VFI Member Carol Lynn Grow Discusses Bringing Her Voice to Washington
Though I’ve been a business leader for more than 15 years, until recently, I’d never been directly involved in policy advocacy as part of my professional activities. This all changed in 2017.
For several years, I’ve consistently heard potential customers voice concerns about the security and privacy of documents stored in the cloud.
My company, LawToolBox.com, serves law firms and corporate legal departments, and these concerns can be a barrier to adopting our products.
While LawToolBox can provide assurance about the security of our cloud platform, Microsoft Azure, we have no control over government data requests. This is a legal and policy issue outside our influence—or so I thought.
Connecting with Voices for Innovation
In February 2017, I was invited to participate in a National Entrepreneurship Week event at Microsoft’s New York offices. In addition to showcasing great businesses and entrepreneurial programs, the event underscored the role of government in supporting small businesses.
At the event, I also heard about Voices for Innovation and met the program’s director, Jonathan Friebert. What I learned is that I can make an impact on legal and policy issues by sharing my views and expertise. I don’t just have to be a spectator. Just as government policies can help small businesses, small businesses can help government develop better policies.
Jonathan encouraged me to start participating in VFI. As a first step, I wrote to my members of Congress to raise my concerns about digital privacy. Then, given the importance of this issue to my customers and my company, Jonathan suggested that I share my perspective face-to-face when I came to Washington, DC, for the Microsoft Inspire partner conference.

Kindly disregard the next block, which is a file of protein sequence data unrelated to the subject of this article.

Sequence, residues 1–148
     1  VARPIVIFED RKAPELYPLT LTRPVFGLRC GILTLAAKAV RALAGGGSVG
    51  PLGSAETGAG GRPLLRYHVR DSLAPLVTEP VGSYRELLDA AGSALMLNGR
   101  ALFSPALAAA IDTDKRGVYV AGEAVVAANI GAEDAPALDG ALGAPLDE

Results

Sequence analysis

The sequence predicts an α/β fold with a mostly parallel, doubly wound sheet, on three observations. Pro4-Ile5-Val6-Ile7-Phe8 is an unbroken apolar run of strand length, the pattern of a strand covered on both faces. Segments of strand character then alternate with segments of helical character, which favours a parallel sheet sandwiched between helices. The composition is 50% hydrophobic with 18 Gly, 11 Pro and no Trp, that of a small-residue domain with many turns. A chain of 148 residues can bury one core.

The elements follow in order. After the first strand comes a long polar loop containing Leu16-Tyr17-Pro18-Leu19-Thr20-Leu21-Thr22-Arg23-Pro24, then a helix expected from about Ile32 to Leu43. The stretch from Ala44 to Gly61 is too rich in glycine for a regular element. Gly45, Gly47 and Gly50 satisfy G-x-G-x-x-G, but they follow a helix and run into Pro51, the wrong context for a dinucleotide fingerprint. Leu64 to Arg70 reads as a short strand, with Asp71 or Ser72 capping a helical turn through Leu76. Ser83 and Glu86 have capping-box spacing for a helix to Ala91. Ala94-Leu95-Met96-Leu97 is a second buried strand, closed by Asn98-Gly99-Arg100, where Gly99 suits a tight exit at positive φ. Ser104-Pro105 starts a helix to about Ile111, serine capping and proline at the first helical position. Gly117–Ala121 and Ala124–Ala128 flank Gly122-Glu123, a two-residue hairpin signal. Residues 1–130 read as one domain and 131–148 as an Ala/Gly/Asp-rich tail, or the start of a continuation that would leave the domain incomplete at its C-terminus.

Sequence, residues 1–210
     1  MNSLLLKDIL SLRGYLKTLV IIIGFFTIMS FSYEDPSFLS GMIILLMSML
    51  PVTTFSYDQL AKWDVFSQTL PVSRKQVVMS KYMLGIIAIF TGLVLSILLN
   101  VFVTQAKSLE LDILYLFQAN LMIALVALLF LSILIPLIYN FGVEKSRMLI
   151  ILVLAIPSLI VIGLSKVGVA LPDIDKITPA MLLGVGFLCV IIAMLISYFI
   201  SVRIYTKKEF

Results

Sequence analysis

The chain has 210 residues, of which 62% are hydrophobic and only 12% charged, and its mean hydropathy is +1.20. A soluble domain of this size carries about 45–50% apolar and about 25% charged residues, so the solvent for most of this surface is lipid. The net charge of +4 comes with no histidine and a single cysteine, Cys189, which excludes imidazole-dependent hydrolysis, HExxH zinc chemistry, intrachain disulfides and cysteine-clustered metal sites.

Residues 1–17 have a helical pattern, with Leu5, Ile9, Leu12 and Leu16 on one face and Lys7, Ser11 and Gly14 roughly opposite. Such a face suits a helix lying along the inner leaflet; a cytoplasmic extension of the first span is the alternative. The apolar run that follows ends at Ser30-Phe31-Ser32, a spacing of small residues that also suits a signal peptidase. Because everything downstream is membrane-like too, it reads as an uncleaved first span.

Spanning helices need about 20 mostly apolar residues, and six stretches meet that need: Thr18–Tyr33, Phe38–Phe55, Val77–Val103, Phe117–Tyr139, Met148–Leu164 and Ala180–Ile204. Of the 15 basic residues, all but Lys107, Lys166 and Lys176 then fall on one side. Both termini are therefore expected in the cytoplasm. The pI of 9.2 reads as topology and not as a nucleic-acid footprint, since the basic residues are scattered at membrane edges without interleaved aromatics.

Fast Forward to Washington
For LawToolBox, Microsoft Inspire was a great success. I met with many partners who are eager to bring our innovative legal solutions to their customers. LawToolBox is tightly integrated with the Microsoft platform—and our companies have a shared commitment to seeing digital privacy laws modernized to support new growth and address our mutual customers’ concerns. It was gratifying to hear Microsoft President and Chief Legal Officer Brad Smith highlight this very issue during his keynote.
In advance of Inspire, I scheduled a meeting on Capitol Hill with the office of my U.S. Representative, Diana DeGette (D-CO-1). I’d never engaged in this type of direct advocacy, but my meeting went very well. Rep. DeGette wasn’t able to attend, but I met with her chief staffer who handles tech policy issues. He listened closely to my concerns about digital privacy. Since our meeting, I have provided additional information and plan to meet with Rep. DeGette when she is in Denver.
As a culmination of my week in Washington, I joined a small group of tech business leaders for a CEO Listening Session at the White House. We meet with two high-ranking officials, Michael Kratsios, Deputy Assistant to the President and Deputy U.S. Chief Technology Officer, and Chris Liddell, Assistant to the President and Director of Strategic Initiatives.
I was inspired by this meeting. It became clear that the White House wants to hear from small businesses. They want the private sector to lead—and they committed to supporting good ideas that come from us. We had the opportunity to speak about the need to improve tech education and to spread the reach of broadband using TV white spaces spectrum.
After the formal meeting, I spoke directly with Mr. Kratsios about the challenges posed by outdated digital privacy laws. He listened carefully and asked me to follow up by email, which I recently did. It is the start of building support in the White House for supporting modernized privacy policies that benefit the tech sector, businesses, and consumers.
Looking ahead, I plan to stay engaged. In addition to advocating on digital privacy, I am a champion for STEM (science, technology, engineering, and math) education. I especially want to see changes in K-12 that give girls improved opportunities to excel in science and technology. This is a personal passion—and I now have new skills and knowledge to move the needle on this issue as well.
Carol Lynn Grow is co-founder, owner, and vice president of marketing and sales of Denver-based LawToolBox.com, an online court deadline and docketing system.